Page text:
I’m taking a break from harping on about my Kickstarter campaign to write about something that I’ve known for a while, but had confirmed in no uncertain terms during the recent Easter egg hunt competition.
Recently, a journalist asked me a question regarding “obscure” puzzles. My response was that I believe that any puzzle has the potential to be obscure, even if the solution itself makes sense. Equally, a puzzle that seems obscure on the face of it can be made to feel intuitive simply by guiding the player in the right way.
The job of a puzzle designer is to control a player’s flow through each puzzle, taking into account the puzzle mechanic itself, the desired playtime/difficulty, the target audience (children/novices vs seasoned adventurers) and the wider game narrative. Clues and hints need to be presented carefully to guide players at just the right pace to avoid frustration and keep players engaged.
These clues can manifest in any number of ways, depending on the game’s UI and style. Here are just a few examples of methods I’ve used personally to help guide players through a puzzle:
- Wordplay – using the same nomenclature or adjectives on multiple elements to help the player associate them together. This is subtle and will be overlooked by many players, so I find it needs to be supported by additional clues.
- Visual clues – using similar shapes and colours to link objects together.
- Dialogue – subtle suggestions from other characters, or even the protagonist themselves when examining an object or completing a preceeding task.
- Structure – presenting a list of tasks, or a specific order in which tasks need to be completed.
- Impetus – making it clear that the task needs to be completed.
There are also occasions where prior knowledge of the genre is relied upon for solving puzzles, but I feel that this is mostly unintentional on the part of developers, where a puzzle seems intuitive to its creator because they have seen a similar mechanic used many times before. These “holes” in logic can also go unnoticed at the testing stage, as experienced players often have the same burdon of knowledge and unconscious biases.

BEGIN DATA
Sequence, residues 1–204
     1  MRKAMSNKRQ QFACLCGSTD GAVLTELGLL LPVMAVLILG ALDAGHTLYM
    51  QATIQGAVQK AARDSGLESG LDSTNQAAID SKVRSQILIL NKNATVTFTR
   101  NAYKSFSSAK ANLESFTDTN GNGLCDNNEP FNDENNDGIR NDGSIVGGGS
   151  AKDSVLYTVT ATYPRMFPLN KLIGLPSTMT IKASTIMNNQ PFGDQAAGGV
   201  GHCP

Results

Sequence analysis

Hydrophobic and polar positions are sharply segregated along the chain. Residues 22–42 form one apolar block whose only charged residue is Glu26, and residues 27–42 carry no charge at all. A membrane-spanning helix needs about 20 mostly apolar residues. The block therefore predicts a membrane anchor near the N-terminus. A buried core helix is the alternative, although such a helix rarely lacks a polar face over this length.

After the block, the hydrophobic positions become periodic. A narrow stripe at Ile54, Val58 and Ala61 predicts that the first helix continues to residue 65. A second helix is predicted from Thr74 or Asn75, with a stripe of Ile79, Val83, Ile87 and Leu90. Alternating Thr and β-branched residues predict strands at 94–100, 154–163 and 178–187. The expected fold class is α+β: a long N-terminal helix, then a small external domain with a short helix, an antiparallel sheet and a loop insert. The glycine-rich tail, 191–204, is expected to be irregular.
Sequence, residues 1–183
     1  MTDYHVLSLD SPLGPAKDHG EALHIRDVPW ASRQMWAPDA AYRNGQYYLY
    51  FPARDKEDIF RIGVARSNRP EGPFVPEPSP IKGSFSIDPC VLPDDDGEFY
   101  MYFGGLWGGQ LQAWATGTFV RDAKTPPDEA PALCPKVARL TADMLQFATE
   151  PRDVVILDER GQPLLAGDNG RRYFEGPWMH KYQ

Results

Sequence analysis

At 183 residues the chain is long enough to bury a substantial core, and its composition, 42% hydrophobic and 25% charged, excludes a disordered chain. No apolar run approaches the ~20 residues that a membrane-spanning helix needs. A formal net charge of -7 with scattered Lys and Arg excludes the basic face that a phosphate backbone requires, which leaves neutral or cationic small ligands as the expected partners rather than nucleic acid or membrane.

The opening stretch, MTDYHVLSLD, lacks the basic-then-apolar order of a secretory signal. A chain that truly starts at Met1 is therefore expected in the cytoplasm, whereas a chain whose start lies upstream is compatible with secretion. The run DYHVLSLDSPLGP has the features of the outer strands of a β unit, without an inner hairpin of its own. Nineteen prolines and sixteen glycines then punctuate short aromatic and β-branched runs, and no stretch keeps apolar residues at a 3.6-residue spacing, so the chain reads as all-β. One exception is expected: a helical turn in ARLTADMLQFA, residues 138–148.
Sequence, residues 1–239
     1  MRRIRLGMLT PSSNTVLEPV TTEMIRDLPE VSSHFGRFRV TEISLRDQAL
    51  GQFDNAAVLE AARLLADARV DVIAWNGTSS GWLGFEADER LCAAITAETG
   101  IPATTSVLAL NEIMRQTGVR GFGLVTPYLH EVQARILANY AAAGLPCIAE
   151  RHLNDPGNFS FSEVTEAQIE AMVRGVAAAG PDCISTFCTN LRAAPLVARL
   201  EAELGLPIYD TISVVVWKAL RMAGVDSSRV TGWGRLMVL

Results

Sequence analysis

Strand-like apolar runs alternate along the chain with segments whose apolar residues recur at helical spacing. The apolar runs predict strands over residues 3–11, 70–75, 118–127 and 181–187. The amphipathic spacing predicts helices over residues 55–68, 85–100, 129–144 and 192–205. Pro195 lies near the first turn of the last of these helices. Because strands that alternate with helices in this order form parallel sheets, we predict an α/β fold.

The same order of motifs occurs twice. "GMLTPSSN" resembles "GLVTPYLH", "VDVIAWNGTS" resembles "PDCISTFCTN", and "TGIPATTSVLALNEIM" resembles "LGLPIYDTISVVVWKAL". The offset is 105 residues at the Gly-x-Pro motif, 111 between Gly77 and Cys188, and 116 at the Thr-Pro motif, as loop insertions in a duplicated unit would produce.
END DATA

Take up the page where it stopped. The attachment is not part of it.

One of the things that I have found most helpful when trying to diagnose my puzzles’ own shortcomings is watching players play through them, and listening to their reactions. One one side of the spectrum you may hear a player find the first subtle clue of a puzzle and correctly declare “Well, obviously I need to find X, put it together with Y and give it to Z!”, conversely, they may spend ages wandering around, finding alternative (and equally-valid) solutions to the puzzle whilst getting more and more frustrated.
Every furrowed brow, every sigh, every expletive, every smile…they all build up a detailed picture of what is, and isn’t, working or contributing to a fun game-playing experience. It’s invaluable feedback that you can’t get any other way. Thank you streaming video.
Sorry, I’ve waffled again! So, what has all of this got to do with the Easter egg competition?
At the time of writing, the competition has been running for over three weeks, and a large number of people have already taken on the challenge (by the way, it’s going to be running for a number of months, so have a go if you haven’t already). Despite the number of people taking part, only a dozen of players have successfully found the Easter egg and entered the competition.
Wow, you hid that Easter egg pretty well Tom, I bet the only way to find it is to randomly try every single item with every single object until I find it…right?
Well, yes and no.
The Easter egg puzzle itself is actually one I was planning to include in the demo as part of the wider game, it’s no more complicated, bizarre or unintuitive than any of the other puzzles, and all of the usual clues are still there. The only things I removed were the “structure” and “impetus“. As the player, you simply don’t know that the puzzle needs to be solved because the character never shows any desire to solve it.
Most people who have found it have gone on to tell me that they thought the puzzle was clever and, although it may have frustrated them before they solved it, they couldn’t deny that it was logical, if not overtly-signposted.
Nearly all players who spend a little time to explore the demo will be aware of the puzzle and, if asked, would be able to solve it without much trouble. If I was to add a single line of dialogue saying “I need to do X.”, I honestly believe that the Easter egg would be easily found by almost every player.
It wasn’t intended as an experiment, but the result has really highlighted for me the importance of clear signposting in adventure game puzzles.